Type:
text; Dissertation-Reproduction (electronic)
Keywords:
Dissertations, Academic.; Educational psychology.
Degree Name:
Ph.D.
Degree Level:
doctoral
Degree Program:
Language, Reading and Culture; Graduate College
Degree Grantor:
University of Arizona
Committee Chair:
Salomon, Gavriel

Full metadata record

DC FieldValue Language
dc.language.isoenen_US
dc.titleCultivating metacognitions within a learning environment: The case of the computerized Writing Partner.en_US
dc.creatorHicks, Sandy Jean.en_US
dc.contributor.authorHicks, Sandy Jean.en_US
dc.date.issued1993en_US
dc.publisherThe University of Arizona.en_US
dc.rightsCopyright © is held by the author. Digital access to this material is made possible by the University Libraries, University of Arizona. Further transmission, reproduction or presentation (such as public display or performance) of protected items is prohibited except with permission of the author.en_US
dc.description.abstractWord processors are being increasingly used as writing tools during writing instruction for novice writers in all levels of school. However, the research on the use of word processors by novice writers indicated that while using the word processor for writing has a positive impact on writing attitudes of novice writers, their writing quality was not necessarily improved. Research on the writing process indicated that what was missing from the word processor-writer partnership was support, both memory and procedural, during the writing process. The focus of the study, the Writing Partner computer tool, was designed to supply such support by providing expert-like metacognitive guidance in the form of procedural facilitation during the writing process. In addition, research indicated that those students who mindfully engaged in using such a computer tool were more likely to internalize the guidance provided by such a tool, exhibiting improved performance in partnership with the tool as well as without it. The purpose of this study was to investigate empirically the effects of the Writing Partner on writing quality, writing attitudes, writing perceived self-efficacy and perceptions of the classroom environment. Data were collected in the form of writing samples, questionnaires and interviews and observations. Two conditions were examined: (1) Students who wrote with the Writing Partner, and (2) students who wrote with the Writing Partner and were induced to mindfulness by being told they would later tutor others in the use of the tool. It was hypothesized that students who wrote with the Writing Partner computer tool (WP2) would have more positive effects than students who wrote with the Works word processing program (Works) and students who wrote with the Writing Partner and had the induced mindfulness condition (WP2 IM) would have more positive effects than the Works group and the WP2 group. Writing effects with the computer tool and effects of the computer tool were examined in light of the two conditions. The results of this study indicated that the induced mindfulness condition was essential for the effective use of the Writing Partner computer tool. Students in the induced mindfulness condition wrote better in the absence of the tool, had a qualitatively different learning environment and used the features of the Writing Partner program more consistently.en_US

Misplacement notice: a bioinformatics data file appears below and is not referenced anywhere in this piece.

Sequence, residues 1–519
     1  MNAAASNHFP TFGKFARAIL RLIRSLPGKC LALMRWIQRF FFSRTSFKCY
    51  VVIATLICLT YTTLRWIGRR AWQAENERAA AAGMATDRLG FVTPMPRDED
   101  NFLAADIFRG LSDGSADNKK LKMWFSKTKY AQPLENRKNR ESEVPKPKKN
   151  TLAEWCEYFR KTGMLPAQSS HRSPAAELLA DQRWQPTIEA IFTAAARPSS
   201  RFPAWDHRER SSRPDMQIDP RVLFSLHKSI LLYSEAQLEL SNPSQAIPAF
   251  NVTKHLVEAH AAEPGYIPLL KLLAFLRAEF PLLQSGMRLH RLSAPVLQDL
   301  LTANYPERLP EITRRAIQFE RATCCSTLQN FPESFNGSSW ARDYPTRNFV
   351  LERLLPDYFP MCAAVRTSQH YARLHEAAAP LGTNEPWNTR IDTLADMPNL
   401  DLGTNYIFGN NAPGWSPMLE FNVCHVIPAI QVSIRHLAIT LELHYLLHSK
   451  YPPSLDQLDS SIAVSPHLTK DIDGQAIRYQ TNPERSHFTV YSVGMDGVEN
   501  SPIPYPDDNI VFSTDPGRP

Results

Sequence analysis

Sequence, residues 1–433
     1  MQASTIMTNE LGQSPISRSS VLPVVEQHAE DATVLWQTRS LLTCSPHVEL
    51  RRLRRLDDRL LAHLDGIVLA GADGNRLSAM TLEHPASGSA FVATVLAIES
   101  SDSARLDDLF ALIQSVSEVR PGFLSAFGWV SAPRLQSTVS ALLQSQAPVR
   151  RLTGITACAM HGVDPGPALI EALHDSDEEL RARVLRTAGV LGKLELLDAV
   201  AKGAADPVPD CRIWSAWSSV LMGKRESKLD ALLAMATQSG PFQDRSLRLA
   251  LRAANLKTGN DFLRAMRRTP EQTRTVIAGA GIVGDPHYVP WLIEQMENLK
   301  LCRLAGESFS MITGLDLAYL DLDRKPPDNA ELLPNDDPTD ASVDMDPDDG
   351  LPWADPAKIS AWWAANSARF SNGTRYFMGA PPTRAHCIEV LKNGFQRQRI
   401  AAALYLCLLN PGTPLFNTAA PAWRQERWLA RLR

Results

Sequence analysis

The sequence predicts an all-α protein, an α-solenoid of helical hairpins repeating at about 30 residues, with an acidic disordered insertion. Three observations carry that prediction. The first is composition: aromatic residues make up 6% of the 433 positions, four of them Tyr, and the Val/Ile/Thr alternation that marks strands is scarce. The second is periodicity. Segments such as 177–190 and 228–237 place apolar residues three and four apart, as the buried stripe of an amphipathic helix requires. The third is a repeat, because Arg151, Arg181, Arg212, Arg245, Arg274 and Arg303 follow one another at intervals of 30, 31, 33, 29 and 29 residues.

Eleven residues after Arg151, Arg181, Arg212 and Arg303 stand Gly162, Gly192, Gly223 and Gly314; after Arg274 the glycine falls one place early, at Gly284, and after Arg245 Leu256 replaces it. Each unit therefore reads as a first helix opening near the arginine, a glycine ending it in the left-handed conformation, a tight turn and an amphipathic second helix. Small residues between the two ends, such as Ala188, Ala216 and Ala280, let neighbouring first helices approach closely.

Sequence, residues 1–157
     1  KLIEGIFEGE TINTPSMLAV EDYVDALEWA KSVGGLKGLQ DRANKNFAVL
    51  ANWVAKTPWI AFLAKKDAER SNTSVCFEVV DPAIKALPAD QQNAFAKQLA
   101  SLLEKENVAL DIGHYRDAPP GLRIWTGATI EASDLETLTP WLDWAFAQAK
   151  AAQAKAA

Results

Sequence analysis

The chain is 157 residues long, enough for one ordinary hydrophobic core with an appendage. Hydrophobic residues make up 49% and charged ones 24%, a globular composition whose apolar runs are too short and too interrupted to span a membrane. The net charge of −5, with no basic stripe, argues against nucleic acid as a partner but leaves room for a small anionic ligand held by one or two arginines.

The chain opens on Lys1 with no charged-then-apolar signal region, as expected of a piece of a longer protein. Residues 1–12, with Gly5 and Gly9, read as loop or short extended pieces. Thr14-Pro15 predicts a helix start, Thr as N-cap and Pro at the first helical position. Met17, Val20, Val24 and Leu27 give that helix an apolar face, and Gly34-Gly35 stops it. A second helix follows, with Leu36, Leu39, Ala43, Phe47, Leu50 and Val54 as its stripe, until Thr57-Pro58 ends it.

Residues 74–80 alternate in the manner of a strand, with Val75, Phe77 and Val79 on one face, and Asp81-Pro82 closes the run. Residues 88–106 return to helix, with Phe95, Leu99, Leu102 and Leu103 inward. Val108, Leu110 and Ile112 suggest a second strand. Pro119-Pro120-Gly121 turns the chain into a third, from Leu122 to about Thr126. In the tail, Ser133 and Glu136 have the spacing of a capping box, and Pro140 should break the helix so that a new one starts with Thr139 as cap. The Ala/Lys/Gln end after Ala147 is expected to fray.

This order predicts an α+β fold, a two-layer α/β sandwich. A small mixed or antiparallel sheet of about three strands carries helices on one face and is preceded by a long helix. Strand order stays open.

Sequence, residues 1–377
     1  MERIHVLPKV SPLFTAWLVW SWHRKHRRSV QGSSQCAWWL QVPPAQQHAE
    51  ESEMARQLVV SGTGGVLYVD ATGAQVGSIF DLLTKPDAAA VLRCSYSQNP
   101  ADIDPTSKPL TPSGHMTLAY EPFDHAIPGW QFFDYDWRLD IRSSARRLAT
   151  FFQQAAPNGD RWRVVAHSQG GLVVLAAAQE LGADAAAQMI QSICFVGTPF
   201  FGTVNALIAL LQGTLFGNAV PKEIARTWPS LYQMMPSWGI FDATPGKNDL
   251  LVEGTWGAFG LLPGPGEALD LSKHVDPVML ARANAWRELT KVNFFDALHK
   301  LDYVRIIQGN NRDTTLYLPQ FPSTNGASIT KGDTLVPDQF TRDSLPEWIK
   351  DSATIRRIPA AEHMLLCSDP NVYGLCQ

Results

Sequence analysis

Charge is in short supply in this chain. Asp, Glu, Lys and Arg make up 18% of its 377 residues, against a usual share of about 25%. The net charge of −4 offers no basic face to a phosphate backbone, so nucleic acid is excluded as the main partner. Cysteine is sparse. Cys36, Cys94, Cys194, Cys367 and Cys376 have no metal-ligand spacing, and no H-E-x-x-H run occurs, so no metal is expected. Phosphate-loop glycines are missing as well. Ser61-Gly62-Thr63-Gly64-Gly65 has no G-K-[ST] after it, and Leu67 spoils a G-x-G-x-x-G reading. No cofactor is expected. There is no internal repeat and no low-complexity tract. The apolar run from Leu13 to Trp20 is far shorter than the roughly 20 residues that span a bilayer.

dc.typetexten_US
dc.typeDissertation-Reproduction (electronic)en_US
dc.subjectDissertations, Academic.en_US
dc.subjectEducational psychology.en_US
thesis.degree.namePh.D.en_US
thesis.degree.leveldoctoralen_US
thesis.degree.disciplineLanguage, Reading and Cultureen_US
thesis.degree.disciplineGraduate Collegeen_US
thesis.degree.grantorUniversity of Arizonaen_US
dc.contributor.chairSalomon, Gavrielen_US
dc.contributor.committeememberMoll, Luis C.en_US
dc.contributor.committeememberBradley, Johnen_US
dc.identifier.proquest9408503en_US
dc.identifier.oclc720070329en_US